Zimbabwe: Sleepy Umvuma Awakens As Mines Open

Almost 55 years after large-scale work stopped on the once-mighty…

Almost 55 years after large-scale work stopped on the once-mighty Falcon and Athens Mines in Umvuma, they have now been opened and work is under way, which may restore them to their previous glories.

The two mines, which were the reason for the booming activity in Umvuma during the 1910s and 20s, were closed in 1926 after almost 15 years of large-scale operations.

Lonrho, which has taken over the mines, has expanded the Athens Mine by deepening the central shaft to another level, and with this renewed interest much needed life blood has been pumped into the dormant village.

Mine manager Mr Tim Nangle said the Athens mine only was in full operation as it was virtually a virgin ore body. Activity on the neighbouring Falcon Mine was in re-processing.

“The old oxide dumps on the Falcon mine are being reprocessed, but we have only a small pilot plant, which is not in full production. Plans to reopen the Falcon fully have not been completed,” he said.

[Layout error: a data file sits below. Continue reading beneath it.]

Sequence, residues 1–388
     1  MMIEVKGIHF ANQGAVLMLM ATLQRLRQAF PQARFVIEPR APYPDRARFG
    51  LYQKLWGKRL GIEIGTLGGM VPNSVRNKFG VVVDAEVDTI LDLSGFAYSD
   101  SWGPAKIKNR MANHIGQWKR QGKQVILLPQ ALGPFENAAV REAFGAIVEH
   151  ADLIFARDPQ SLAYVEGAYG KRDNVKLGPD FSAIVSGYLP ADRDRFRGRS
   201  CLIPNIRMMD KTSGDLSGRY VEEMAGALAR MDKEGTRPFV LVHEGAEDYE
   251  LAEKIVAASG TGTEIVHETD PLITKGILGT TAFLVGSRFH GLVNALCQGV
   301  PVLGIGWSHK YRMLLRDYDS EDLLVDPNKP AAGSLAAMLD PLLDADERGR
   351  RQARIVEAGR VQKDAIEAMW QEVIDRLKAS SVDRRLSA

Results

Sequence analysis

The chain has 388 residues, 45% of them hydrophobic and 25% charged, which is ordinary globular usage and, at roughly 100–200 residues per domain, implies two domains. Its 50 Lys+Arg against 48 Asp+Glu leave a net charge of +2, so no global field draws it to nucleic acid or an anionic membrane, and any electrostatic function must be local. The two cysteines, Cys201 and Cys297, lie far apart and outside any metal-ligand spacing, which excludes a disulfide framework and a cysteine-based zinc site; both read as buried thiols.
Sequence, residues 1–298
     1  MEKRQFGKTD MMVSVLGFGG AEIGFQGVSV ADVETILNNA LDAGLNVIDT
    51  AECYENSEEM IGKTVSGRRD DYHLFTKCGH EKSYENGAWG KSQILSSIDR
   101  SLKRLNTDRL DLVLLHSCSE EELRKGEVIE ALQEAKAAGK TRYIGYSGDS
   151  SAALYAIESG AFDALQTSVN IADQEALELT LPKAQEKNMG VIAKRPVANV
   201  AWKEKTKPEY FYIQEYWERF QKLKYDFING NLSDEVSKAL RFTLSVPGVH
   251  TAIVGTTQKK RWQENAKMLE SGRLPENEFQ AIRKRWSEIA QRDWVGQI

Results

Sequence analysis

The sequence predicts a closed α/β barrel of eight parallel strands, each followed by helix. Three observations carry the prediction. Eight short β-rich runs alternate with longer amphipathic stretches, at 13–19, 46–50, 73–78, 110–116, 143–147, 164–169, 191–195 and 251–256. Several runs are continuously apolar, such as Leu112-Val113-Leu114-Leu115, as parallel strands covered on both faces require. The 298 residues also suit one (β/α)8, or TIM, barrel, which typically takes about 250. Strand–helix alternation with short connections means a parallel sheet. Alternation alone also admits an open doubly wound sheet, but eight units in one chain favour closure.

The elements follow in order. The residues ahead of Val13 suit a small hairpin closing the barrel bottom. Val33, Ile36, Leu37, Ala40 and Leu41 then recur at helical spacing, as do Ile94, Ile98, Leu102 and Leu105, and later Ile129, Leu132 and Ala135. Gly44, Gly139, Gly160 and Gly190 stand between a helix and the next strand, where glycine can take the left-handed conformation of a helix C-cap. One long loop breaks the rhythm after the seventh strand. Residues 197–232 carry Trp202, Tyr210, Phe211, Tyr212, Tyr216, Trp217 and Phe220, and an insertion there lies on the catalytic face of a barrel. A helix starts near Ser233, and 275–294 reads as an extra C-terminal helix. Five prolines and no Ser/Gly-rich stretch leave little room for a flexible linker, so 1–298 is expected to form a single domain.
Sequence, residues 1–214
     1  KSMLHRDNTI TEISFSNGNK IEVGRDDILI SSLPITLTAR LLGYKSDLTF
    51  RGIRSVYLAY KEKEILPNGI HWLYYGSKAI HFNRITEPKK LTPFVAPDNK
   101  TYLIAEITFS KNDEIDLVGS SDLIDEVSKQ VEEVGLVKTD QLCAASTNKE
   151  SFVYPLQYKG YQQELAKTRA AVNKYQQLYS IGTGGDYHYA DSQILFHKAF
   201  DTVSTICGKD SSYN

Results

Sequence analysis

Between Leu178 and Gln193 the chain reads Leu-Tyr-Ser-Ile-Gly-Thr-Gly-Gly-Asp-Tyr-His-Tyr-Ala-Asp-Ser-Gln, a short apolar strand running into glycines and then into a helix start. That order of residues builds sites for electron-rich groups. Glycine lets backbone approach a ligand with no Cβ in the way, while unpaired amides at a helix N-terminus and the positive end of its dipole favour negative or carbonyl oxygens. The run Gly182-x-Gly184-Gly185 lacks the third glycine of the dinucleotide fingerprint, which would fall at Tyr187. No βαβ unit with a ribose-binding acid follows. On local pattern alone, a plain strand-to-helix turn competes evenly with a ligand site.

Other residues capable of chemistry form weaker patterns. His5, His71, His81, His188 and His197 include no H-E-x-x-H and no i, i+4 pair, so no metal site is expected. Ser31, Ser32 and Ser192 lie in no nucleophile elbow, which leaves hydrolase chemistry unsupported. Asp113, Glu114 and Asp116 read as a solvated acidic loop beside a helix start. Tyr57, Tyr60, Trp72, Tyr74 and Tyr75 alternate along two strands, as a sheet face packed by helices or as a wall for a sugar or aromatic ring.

The first claims to be pegged in Umvuma were made by the French South Africa Development Company in 1902, and in 1911 were bought by the Falcon Mines Company.

A great deal of money was poured into the mine. The familiar chimney stack was built in 1913, as the draw for a large blasting furnace at the foot of the hill.

The remains of the furnace and the brick flume, which connected it with the chimney, are still there.

Fifty huge Nissan stamping mills were operated in those days; the foundations can still be seen.

The mines closed in 1926 not through lack of gold, but for economic reasons.

The company had problems trying to separate the three metals found there-gold, copper and silver.

The minerals could not be separated on the mine. A matte consisting of all the metals was produced and sent to America to be refined.

This problem has now been overcome with a carbon in pulp process, which produces the gold and silver bullion, and the copper is extracted by flotation.

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